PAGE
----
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News & Reviews
"I wonder what the sound of a heart breaking might be. And I think it may be quiet, unperceptively so, and not dramatic at all. Like the sound of an exhausted swallow falling gently to earth."
More than just a love story, Tin Man is an exquisite piece of art. Sarah Winman captivates readers with a beautifully touching story of three individuals, Ellis, Michael and Annie. The book is a tender portrayal of love, friendship and loss.
The first half of the book is written in third person and tells the story of Ellis. While exploring Ellis's life, we also meet Michael. Their bond and closeness commences instantly, and never leaves either of them, even after Ellis meets Annie. In the second half of the book the writing switches to first person, and we hear Michael's very sad and detailed account of his life with and without Ellis.
A print of one of Van Gogh's paintings, Sunflowers, won in a raffle in the prologue by Ellis’s mother, features strongly throughout the book. It is a perfect metaphor for the freedom of love and the trials of grief experienced by the characters.
Tin Man gets five big shiny stars from me.
Following on from her bestselling memoir The Anti-Cool Girl, Rosie Waterland’s Every Lie I’ve Ever Told is another honest and hilarious account of her journey through life. Trigger warning: This book deals with some difficult issues, including mental health, suicide, abortion, and abusive relationships.
Every Lie I’ve Ever Told reveals the struggles that Waterland faced when she lost her best friend and “soulmate” to a tragic accident while he was on the other side of the world. The friendship they shared is recounted in the most beautiful and blissful way.
Waterland speaks openly about her nervous breakdown and suicide attempt, but the book is also filled with hilarious stories, like the time she posted a naked selfie on social media, and cringe-worthy sexual encounters.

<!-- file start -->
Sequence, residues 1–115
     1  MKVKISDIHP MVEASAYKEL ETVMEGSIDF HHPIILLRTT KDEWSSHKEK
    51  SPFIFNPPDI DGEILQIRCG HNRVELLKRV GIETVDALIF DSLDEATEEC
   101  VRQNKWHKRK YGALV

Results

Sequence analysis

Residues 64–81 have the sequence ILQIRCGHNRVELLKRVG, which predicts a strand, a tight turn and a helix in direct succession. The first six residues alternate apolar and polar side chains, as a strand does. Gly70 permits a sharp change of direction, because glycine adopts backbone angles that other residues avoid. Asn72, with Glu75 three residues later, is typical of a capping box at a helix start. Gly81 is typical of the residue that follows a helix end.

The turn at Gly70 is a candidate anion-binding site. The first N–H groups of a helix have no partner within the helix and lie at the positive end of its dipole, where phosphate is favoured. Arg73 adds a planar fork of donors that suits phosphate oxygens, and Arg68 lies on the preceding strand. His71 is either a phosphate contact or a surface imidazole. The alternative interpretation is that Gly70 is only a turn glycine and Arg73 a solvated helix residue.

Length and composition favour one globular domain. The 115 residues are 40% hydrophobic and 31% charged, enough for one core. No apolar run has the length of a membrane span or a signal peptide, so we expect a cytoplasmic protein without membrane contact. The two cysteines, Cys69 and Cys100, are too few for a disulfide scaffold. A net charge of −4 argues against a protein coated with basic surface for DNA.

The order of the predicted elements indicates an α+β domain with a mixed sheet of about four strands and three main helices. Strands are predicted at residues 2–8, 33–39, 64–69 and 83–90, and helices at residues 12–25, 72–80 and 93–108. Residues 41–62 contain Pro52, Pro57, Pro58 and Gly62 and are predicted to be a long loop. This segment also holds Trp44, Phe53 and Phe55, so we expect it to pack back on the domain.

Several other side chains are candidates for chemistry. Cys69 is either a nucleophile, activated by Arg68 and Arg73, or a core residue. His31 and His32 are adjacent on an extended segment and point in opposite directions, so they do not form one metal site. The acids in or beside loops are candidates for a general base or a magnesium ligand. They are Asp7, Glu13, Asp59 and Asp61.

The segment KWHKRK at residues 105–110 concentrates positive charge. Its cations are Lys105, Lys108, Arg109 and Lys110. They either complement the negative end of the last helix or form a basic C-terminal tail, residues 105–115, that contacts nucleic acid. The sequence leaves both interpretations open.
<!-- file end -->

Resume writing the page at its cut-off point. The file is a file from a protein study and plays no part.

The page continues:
Waterland has the ability to make you cry from both laughter and heartbreak without even turning to the next page. I am eagerly awaiting her next memoir.
If you do read this book and feel triggered, do not be afraid to speak to someone. If you do not feel comfortable with opening up to someone you know and trust, I encourage you to call the amazing people at Lifeline on 13 11 14.
Any book that is endorsed by celebrated author Margaret Atwood already has my tick of approval before I open to page one. Naomi Alderman’s The Power is a genius story that turns society so perfectly on its head. It begins when teenage girls worldwide develop a 'skein', a strip of muscle in their collarbone which conducts electricity, allowing them to instantly inflict pain and death.
Virtually overnight, the world changes beyond recognition. Women are elected as political leaders, the army is almost completely made up of women, God changes gender, and sex-trafficked women break free from their bonds.
The story moves between chapters from the point of view of four very different characters. Allie is an adopted young woman who uses the power to murder her abusive foster father, and becomes “Mother Eve”, the head of a worldwide movement re-writing world religions to emphasise the primacy of women. Roxy is the daughter of a gangland boss. Tunde captures video footage of one of the first manifestations of the power and quickly becomes the reporter on the emerging phenomenon. Margot is an American mayor who gains confidence as the result of her Power, and use that confidence to fuel a rapid rise to power.
The Power is well deserving of the 2017 Bailey's Prize for Women's Fiction. Alderman has created a unique world with this clever and thought-provoking story, and I highly recommend it to anyone who loves first-class dystopian fiction.